Re: "why I quit writing internet standards"

Spencer Dawkins <> Wed, 16 April 2014 17:08 UTC

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Date: Wed, 16 Apr 2014 12:07:56 -0500
From: Spencer Dawkins <>
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To: Carsten Bormann <>, Thomas Clausen <>
Subject: Re: "why I quit writing internet standards"
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I need to go read some drafts, but on one point ...

On 04/16/2014 11:08 AM, Carsten Bormann wrote:
> On 16 Apr 2014, at 16:19, Thomas Clausen <> wrote:
>> That "something" could conveniently be Experimental.
> Experimental means something different in the IETF, as in:
> “This is a finished specification, but we are really not sure this will work until we have run an experiment.
> Don’t base any plans on the assumption that this experiment will succeed.”
> Implementation draft means:
> “This is still subject to change, but we promise to be frugal in the changes we make from here on.
> We are pretty sure this will work, no major experiments required, just implementation experience to maybe tweak it some more.
> This will be done soon, so go ahead and build the products.”
> Conflating these two almost diametrally opposed sets of features into a single class of document increases confusion.

This was my point in mentioning The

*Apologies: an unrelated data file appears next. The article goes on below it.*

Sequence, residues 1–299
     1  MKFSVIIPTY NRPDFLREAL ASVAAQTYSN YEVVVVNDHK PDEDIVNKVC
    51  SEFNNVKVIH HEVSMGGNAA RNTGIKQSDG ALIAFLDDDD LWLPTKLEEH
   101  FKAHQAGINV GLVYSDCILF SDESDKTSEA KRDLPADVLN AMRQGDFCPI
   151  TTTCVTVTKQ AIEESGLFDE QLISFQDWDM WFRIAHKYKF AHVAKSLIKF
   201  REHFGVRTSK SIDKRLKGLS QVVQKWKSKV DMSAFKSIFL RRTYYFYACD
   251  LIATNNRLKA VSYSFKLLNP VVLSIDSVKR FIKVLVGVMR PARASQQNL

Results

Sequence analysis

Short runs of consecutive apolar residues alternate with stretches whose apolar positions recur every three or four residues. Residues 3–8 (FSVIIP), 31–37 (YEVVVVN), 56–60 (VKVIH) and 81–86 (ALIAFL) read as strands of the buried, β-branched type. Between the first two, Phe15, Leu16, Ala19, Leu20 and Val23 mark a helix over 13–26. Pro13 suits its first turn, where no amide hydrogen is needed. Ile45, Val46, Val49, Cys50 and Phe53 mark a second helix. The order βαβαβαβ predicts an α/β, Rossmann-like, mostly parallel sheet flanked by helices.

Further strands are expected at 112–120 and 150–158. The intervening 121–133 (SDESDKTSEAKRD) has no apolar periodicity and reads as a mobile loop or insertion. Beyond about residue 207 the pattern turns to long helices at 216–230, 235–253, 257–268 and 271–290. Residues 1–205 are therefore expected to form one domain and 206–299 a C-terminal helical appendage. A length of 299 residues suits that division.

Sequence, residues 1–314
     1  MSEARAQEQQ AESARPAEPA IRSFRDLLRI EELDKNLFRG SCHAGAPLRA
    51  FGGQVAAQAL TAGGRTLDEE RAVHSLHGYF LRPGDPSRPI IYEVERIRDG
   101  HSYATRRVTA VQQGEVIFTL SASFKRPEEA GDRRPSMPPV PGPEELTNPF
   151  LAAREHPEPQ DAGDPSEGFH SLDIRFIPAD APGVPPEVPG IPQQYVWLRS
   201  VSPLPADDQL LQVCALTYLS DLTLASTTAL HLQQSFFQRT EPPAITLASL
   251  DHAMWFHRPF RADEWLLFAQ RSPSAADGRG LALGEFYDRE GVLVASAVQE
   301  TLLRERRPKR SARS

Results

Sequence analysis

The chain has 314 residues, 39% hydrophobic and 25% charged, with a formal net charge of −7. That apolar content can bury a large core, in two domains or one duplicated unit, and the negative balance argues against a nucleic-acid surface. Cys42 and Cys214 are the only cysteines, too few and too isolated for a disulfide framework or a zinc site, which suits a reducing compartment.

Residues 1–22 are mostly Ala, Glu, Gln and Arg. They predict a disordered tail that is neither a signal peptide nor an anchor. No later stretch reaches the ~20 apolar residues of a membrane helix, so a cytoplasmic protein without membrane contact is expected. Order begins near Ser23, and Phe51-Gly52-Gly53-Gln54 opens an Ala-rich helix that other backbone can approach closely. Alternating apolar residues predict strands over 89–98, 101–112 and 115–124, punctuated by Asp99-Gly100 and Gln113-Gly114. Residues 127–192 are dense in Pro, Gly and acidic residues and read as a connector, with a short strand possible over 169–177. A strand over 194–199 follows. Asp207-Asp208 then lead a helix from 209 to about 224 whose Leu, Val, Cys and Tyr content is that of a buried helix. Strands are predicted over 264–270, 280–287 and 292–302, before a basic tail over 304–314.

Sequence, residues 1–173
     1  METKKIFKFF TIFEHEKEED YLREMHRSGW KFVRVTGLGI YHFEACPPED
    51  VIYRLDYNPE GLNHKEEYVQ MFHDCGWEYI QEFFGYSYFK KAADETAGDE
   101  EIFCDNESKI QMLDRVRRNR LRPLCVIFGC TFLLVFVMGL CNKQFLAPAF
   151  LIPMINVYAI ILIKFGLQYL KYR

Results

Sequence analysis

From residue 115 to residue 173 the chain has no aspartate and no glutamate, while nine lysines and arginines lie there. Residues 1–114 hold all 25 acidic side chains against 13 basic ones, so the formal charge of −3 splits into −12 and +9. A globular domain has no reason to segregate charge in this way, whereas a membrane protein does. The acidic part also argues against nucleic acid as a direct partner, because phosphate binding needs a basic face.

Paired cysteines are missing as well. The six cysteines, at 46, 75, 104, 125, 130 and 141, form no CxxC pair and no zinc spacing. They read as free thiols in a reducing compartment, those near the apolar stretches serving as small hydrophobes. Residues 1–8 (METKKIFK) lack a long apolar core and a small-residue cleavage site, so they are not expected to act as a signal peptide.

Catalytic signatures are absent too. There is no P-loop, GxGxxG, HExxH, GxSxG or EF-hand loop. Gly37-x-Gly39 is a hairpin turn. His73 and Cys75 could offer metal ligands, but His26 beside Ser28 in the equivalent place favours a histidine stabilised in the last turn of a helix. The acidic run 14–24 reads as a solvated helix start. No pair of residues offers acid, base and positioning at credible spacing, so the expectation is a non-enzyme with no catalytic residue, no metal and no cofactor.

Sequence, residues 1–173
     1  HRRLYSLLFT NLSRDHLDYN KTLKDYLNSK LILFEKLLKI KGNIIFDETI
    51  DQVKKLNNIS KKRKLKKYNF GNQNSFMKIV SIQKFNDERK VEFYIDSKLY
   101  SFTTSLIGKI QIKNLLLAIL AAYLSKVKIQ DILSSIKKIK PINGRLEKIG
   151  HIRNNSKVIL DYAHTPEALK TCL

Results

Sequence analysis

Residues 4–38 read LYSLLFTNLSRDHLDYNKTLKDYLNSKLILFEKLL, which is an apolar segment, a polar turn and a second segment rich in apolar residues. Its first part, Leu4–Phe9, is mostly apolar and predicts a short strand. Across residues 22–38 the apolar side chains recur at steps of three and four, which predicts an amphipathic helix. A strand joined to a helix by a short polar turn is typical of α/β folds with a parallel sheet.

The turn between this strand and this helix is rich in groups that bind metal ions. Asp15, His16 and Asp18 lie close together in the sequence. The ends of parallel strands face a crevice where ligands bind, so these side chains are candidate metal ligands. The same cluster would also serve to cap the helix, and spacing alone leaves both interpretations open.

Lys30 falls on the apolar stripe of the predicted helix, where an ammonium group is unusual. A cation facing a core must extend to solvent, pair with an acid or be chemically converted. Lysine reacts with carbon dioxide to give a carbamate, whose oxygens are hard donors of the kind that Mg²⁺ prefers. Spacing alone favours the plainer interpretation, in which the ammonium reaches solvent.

parts of my memory of the early 2000s that I haven't successfully 
blotted out lead me to think that we were consistently making two errors 
in those discussions.

We tried to figure out *the* right answer when there probably were right 
answers with (quoting Carsten) "diametrically opposed" characteristics, 
and since we couldn't stretch one right answer over all the problems, 
nothing happened.

And we had to get IETF consensus for one answer that didn't solve all 
the problems, with no actual experience with that answer.

The IETF approved BCP 93 to give people the possibility of experimenting 
with multiple answers, dropping the answers that don't work, and keeping 
the ones that do.

The IETF discussion list has seen a lot of spilled digital ink trying to 
solve problems like these. If people want to chat and move on, that's 
fine. If people want to try to put proposals together, that's fine 
(perhaps even more fine).

But please don't make the mistakes we made more than a decade ago.